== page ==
The meat industry and lobby groups, including JBS, the world’s largest meat company, prepare to influence the dialogue at the COP28 climate conference in Dubai, advocating for a pro-meat stance in the face of increasing environmental concerns.

The Global Meat Alliance (GMA), an industry-funded organisation, has outlined a strategy highlighting “scientific evidence” supportive of the meat industry’s position.

The move comes at a time when meat and dairy companies face increasing scrutiny due to the substantial greenhouse gas footprints. The dairy industry is spotlighted for its contribution to 3.4% of global human-induced emissions, surpassing the share attributed to aviation.

Animal agriculture, a major focus of the Global Meat Alliance, is identified as the largest emitter of methane, a greenhouse gas 80 times more potent than carbon dioxide over a 20-year period. Scientists warn that without prompt action, methane emissions from agriculture alone could contribute to a temperature rise beyond the critical 1.5°C (2.7°F) threshold.

Jennifer Jacquet, a professor of environmental science and policy at the University of Miami, notes that meat and dairy companies intensify their efforts in response to increasing exposure and scrutiny. She observes that they are now more prepared in shaping their narrative, an effort to influence global policymaking.

Nusa Urbancic, CEO of the Changing Markets Foundation, described the industry’s reluctance to embrace genuine emissions reduction efforts. Urbancic highlighted that any attempt to cut emissions in the food sector would lead to a decrease in meat and dairy production, a prospect the would disturb the industry.

Urbancic’s argument is that the meat and dairy industry is employing various tactics to postpone the inevitable changes in production volume.

A leaked set of documents reveal that the industry plans a significant presence at COP28. In the previous COP27, JBS gained access to talks by being part of Brazil’s national delegation. The presence raised concerns about the influence these companies wield on international climate discussions.

Companies from the meat sector attending the summit will be accompanied by lobby groups representing them. Notably, the North American Meat Institute (NAMI), representing large meat producers in the US, has a history of obstructive actions, including questioning on its website whether climate change was caused by humans.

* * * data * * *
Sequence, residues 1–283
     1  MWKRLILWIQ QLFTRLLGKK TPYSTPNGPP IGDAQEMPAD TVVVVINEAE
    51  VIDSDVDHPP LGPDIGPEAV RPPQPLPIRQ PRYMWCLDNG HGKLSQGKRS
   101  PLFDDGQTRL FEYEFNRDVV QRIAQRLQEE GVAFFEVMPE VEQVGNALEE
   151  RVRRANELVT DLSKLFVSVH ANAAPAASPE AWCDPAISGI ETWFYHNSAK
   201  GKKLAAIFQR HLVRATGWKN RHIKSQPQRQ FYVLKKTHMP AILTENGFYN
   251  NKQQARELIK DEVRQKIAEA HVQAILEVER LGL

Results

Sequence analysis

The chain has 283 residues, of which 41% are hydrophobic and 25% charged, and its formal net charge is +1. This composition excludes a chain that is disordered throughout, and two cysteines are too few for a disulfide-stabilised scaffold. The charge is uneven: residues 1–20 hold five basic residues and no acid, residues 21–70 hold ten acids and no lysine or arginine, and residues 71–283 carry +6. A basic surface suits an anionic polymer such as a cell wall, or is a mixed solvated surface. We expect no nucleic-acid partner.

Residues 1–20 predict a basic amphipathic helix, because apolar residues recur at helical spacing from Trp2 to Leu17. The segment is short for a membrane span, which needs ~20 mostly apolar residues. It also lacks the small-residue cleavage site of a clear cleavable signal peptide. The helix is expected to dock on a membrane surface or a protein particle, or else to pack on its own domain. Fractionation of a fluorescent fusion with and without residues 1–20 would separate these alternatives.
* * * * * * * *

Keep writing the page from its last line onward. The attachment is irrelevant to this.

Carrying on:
The leaked documents focus on the meat sector and indicate that dairy companies are preparing to send a large delegation to COP28. Earlier this year, pressure from countries with interests in the meat industry resulted in the dilution of recommendations on diets by the Intergovernmental Panel on Climate Change (IPCC).

Companies and trade groups attending COP28 are advised in the leaked documents to focus on a key strategy: “equip delegates with key messages and solutions.” A list of these messages is provided in the materials, indicating a coordinated effort to shape the narrative around the benefits of meat consumption.

Collaborations for the event itself are outlined in the files, with meat lobbying groups planning to host events at country pavilions, including those of the US and Australia. Australia and the US, the second and third-largest global beef exporters after Brazil, have strong economic interests in supporting the growth of their meat industries, along with close political ties.

Recent studies found that in the EU, meat and dairy farmers received 1,200 times more public funding than new alternative protein sources. They received 800 times more support in the US.

Professor Jennifer Jacquet points out the importance of addressing the close relationship between governments and the meat industry as a significant step in aligning diets with climate goals. She notes that discussions often focus on demand-side interventions, such as encouraging schools or individuals to reduce meat consumption.

However, Professor Jacquet expresses concern that the substantial production in the meat industry, supported by subsidies and policies, may persist even with decreased demand.